And Gabby, revealing herself as needy as a pathetic schoolgirl in love, betrays him horribly.

An Item from the Late News is brutal and relentless, and the title is a reminder that everyday violence is too often just a postscript to the news…

1982 First edition

Author: Thea Astley
Title: An Item from the Late News
Publisher: Penguin,1984 first published by UQP 1982
Cover illustration by Drew Aitken
ISBN: 014 006948 8, pbk., 200 pages
Source: OpShop Find


Responses

  1. I already ordered this one online – I’m hoping it’s not quite as depressing as Reaching Tin River – although I can forgive Astley in Tin River as she still demonstrates her scathing wit at times, mostly during the earlier part of the novel – you’re right about Astley’s endings so often being bleak! In Tin River the young woman protagonist, who is also the narrator, unwanted & ignored by her parents, comments on the only time her father touches her – when she is still unborn and her father runs his fingers over her mother’s pregnant stomach. A wonderfully poignant description of how unloved she felt.

    In Lamb’s book about Thea Astley she mentions that Bessie Mitchell, who was the Principal of my old public high school, (and whom I remember as someone you didn’t mess with, I think I was a bit scared of her) employed the brightest and best teachers, Thea Astley and Amy Witting being among them. I only knew Bessie Mitchell for my first couple of years at high school before she retired but she was a formidable intellect, and I just discovered she taught for some time in the town where I now live! I just love it when I discover snippets like this in these conversations!

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    • That is amazing, I wonder if the school has plaques up so that pilgrims can breathe in the atmosphere that nurtured these great writers!
      I haven’t got Tin River yet, but I’ve nearly finished Beachmasters and it is so different to the others I’ve read: it’s set offshore, for a start, and so she’s not doing her trademark critique of Queensland and it’s not bitter…

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  2. Chuckle!!! Yes if only I’d been aware back then of the greats that had taught there – alas before I attended… Shows how the headmistress had an eye for talented people though. She topped the School Leaving herself apparently. I can imagine she would have liked people like Astley- similar temperament! I wonder what Amy Witting was like..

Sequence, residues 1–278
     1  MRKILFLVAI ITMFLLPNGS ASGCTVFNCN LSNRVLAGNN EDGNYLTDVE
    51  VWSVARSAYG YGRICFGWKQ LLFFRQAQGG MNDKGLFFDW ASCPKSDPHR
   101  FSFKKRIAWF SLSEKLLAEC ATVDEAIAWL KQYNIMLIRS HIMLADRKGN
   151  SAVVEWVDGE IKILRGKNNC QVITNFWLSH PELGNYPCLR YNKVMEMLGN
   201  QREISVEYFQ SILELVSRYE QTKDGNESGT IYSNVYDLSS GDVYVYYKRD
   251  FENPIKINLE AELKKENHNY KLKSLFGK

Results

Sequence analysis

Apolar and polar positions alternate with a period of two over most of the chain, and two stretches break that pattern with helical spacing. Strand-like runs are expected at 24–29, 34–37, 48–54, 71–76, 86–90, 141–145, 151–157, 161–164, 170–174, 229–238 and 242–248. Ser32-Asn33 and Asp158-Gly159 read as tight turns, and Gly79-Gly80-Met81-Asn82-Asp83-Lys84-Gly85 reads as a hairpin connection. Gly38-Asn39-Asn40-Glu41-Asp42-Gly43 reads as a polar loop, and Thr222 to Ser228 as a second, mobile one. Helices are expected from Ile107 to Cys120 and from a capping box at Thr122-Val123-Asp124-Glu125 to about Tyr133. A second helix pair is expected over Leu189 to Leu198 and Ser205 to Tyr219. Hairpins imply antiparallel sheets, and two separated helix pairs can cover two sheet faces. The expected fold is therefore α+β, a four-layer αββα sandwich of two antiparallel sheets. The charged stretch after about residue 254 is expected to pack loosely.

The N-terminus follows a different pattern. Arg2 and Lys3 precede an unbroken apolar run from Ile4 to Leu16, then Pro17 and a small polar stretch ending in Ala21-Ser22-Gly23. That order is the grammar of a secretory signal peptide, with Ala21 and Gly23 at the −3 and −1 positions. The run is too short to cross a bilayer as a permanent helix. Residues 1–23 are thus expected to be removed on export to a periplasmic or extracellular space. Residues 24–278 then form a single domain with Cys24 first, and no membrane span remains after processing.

I also remember the Chelmsford scandal very well as I worked in a psychiatric hospital for some time and we were very well aware of what had happened at Chelmsford – in particular because we had a senior doctor requesting we “fake” hospital admissions in order to get greater funding – a worthy aim but one which put people such as Yours Truly in the situation of staff at Chelmsford – ie. legally liable for any such actions despite being under the orders of a superior – I had to get a Stat Dec done in anticipation of any legal/criminal hearing in order to protect myself!

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    • Good heavens, what a ghastly situation to be in! And of course it’s so stressful because you worry for years about what the repercussions might be…
      Schools are usually very good at bragging about famous alumni, but maybe Astley, being so stridently anti-Queensland, was not one they were proud of?

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      • I think I wasn’t at the age to be interested – I don’t think teenagers are! I look now and appreciate what amazingly gifted teachers our school principal had managed recruit – and this at a public school, not a fee paying private school I am glad to say!

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        • We need to do everything we can to attract teachers like that back into the system…

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  3. And I’d be interested to hear what you think of Beachmasters when you’ve finished it.

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    • I have about 40 pages to go…

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  4. […] for ANZLL Thea Astley Week; Lisa also reviewed the book for her […]

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  5. I’m sorry I can’t comment on Tin River Sue as it’s so long since I’ve read it, and it hasn’t stuck in my brain that way most of her other novels that I’ve read have – I think I read it during a very tired part of my life.

    Anyhow, Lisa, I enjoyed your review, and your reference to appropriate events that may have inspired or informed her novel.

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    • It’s been very interesting to have these old events stirring in my brain from so long ago…